There had already been departures from two major councils created by the Trump administration that were tied to its policies.

Tesla CEO Elon Musk resigned from the manufacturing council in June, and two other advisory groups to the president, after the U.S. withdrawal from the Paris climate agreement. Walt Disney Co. Chairman and CEO Bob Iger resigned for the same reason from the President’s Strategic and Policy Forum.

The manufacturing jobs council had 28 members initially, but it has shrunk since it was formed earlier this year as executives retire, are replaced, or, as with Frazier, Musk, Plank, Paul and Krzanich, resign.

So far, the majority of CEOs and business leaders that are sitting on the two major, federal panels, are condemning racism, but say they want to keep their seats at the table.

“Our commitment to diversity and inclusion is unwavering, and we will remain active champions for these efforts,” said a spokesman for Campbell Soup for CEO Denise Morrison. “We believe it continues to be important for Campbell to have a voice and provide input on matters that will affect our industry, our company and our employees in support of growth.”

Boeing CEO Dennis Muilenburg also will remain. So will Michael Dell, the head of his namesake computer company. Both companies contract with the government.

Lawrence Summers, once the chief economist at the World Bank and senior Treasury official, wondered when more business leaders will distance themselves from Trump.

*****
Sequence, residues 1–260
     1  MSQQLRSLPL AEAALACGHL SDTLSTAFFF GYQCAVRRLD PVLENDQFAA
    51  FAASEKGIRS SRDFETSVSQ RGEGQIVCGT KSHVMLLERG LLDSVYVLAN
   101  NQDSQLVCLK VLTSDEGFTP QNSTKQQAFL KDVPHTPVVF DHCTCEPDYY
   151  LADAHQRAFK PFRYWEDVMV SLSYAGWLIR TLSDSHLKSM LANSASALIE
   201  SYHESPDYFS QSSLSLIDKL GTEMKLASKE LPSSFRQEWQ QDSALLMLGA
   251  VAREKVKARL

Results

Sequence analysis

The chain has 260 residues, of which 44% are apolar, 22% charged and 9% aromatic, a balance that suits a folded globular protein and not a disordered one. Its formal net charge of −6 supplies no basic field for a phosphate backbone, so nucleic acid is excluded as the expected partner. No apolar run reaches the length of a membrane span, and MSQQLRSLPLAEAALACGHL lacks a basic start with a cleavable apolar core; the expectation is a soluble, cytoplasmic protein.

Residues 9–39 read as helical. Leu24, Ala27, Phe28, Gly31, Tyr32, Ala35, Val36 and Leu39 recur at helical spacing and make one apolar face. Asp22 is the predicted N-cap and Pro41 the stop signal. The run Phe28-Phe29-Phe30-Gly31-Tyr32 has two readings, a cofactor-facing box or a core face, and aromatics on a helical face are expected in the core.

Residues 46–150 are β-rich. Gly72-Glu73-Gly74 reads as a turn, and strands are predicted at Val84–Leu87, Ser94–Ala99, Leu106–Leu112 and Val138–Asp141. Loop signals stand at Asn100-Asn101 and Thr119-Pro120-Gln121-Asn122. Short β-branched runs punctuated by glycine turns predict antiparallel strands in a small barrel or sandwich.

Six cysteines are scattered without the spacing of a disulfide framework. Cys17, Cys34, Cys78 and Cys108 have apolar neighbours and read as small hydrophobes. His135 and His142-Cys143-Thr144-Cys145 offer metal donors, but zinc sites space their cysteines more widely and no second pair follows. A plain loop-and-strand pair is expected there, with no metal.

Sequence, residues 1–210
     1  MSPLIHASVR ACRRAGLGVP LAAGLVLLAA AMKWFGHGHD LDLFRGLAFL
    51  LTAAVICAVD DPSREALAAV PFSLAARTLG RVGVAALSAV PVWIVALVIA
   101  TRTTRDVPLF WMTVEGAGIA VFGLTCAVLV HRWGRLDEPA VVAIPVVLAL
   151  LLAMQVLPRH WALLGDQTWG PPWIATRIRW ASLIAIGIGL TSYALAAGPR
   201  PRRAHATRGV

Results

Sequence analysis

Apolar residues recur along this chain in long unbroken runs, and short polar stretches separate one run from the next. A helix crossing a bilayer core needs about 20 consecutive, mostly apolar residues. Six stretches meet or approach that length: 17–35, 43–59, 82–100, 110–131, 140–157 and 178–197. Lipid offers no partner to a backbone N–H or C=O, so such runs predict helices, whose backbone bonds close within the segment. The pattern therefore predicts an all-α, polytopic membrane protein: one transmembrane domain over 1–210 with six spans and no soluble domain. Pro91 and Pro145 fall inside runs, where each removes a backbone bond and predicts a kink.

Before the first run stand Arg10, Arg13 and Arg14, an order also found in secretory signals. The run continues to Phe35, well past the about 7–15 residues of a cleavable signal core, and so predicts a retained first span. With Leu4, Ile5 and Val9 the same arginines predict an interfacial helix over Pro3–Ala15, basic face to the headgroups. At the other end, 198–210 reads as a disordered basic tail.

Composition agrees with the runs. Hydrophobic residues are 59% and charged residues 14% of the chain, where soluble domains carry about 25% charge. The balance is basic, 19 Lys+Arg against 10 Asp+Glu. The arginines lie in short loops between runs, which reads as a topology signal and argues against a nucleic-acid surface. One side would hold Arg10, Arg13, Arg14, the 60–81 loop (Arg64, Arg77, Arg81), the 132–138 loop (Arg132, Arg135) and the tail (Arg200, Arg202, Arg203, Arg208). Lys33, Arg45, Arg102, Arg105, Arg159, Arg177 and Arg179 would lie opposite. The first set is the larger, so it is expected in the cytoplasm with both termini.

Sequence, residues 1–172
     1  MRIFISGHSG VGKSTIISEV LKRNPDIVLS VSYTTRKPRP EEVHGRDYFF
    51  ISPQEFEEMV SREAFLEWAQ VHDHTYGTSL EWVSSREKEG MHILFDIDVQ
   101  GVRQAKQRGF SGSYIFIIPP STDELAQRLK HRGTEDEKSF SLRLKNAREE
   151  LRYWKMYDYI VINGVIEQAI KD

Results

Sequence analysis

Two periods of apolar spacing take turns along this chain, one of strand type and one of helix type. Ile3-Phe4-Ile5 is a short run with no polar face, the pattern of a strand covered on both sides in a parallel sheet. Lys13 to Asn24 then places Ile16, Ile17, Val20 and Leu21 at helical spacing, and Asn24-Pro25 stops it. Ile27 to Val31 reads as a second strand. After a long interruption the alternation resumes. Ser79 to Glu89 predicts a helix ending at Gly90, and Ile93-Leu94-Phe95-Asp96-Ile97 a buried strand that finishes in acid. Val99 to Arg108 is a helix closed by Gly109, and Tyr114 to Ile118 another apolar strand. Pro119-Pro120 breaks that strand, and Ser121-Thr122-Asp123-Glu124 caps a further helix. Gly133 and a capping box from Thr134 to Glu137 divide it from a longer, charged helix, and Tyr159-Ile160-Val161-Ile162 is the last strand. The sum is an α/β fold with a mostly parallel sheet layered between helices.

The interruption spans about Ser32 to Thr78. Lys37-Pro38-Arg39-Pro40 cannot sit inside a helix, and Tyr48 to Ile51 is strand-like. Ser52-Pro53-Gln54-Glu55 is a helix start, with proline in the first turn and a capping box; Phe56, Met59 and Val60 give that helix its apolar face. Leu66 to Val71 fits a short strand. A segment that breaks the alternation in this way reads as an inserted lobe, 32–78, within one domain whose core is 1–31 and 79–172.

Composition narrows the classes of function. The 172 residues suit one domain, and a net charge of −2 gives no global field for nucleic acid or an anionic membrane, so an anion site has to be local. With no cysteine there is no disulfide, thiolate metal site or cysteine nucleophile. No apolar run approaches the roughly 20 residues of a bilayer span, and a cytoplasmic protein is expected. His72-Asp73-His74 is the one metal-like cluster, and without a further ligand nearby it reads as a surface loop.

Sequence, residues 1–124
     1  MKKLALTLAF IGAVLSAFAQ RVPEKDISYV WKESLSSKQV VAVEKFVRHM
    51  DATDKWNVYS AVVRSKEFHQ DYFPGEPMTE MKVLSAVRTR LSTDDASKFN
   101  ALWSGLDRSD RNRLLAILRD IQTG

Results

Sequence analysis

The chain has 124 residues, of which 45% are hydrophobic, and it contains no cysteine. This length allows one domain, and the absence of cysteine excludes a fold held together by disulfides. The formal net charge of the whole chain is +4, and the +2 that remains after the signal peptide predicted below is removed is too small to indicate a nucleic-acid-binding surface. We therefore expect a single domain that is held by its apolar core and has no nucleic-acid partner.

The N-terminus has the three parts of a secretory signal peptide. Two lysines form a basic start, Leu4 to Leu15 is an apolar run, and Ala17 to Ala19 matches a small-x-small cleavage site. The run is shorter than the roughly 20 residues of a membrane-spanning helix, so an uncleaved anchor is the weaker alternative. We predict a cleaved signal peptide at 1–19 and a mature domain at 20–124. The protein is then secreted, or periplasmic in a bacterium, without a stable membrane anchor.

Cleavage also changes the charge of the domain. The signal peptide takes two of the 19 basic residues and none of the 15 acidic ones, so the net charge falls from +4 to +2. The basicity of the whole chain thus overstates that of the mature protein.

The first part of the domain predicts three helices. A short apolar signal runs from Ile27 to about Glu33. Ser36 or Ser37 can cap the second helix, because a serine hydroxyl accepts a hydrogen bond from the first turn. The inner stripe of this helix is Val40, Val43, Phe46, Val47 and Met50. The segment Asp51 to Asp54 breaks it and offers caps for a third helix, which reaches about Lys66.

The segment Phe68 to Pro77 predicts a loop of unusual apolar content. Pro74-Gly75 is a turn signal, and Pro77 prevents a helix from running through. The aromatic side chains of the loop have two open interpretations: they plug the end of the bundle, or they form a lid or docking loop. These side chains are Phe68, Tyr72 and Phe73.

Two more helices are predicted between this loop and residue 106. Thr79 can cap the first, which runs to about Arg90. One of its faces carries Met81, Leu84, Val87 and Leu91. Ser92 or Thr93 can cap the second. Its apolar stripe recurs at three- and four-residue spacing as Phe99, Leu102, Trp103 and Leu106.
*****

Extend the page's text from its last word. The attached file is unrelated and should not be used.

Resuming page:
“After this weekend, I am not sure what it would take to get these CEOs to resign,” he tweeted. “Demonizing ethnic groups? That has happened.”

President Trump weighed in on the story, commenting on Twitter that “there is plenty of blame to go around, on both sides.”


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Video shows deadly jailbreak; Man who pleaded guilty in deputy’s death sentenced to life

The man who pleaded guilty Tuesday to murdering an Iowa sheriff’s deputy in a brazen jail escape will spend the rest of his life in prison.

Video footage of the shooting of two Pottawattamie County deputies during the jail break last May provided “overwhelming evidence” and helped lead to a murder conviction, according to Pottawattamie County Attorney Matt Wilber.

Wilber showed reporters the video depicting what happened inside the sally port at the jail when Wesley Correa-Carmenaty shot the deputies and fled in a jail van.

The 24-year-old Carmenaty was sentenced to life in prison without parole for the shooting death of Deputy Mark Burbridge and wounding of deputy Pat Morgan.

The video showed Carmenaty was not shackled when he returned to the jail after an appearance in court earlier that May morning. Wilber said officials believe another inmate at the jail gave Carmenaty a key to his handcuffs for his escape.

The video shows Carmenaty attacking Burbridge when he was getting out of the van and a gunshot is clearly heard. Wilber earlier said Carmenaty had a shank he used to attack Deputy Burbridge.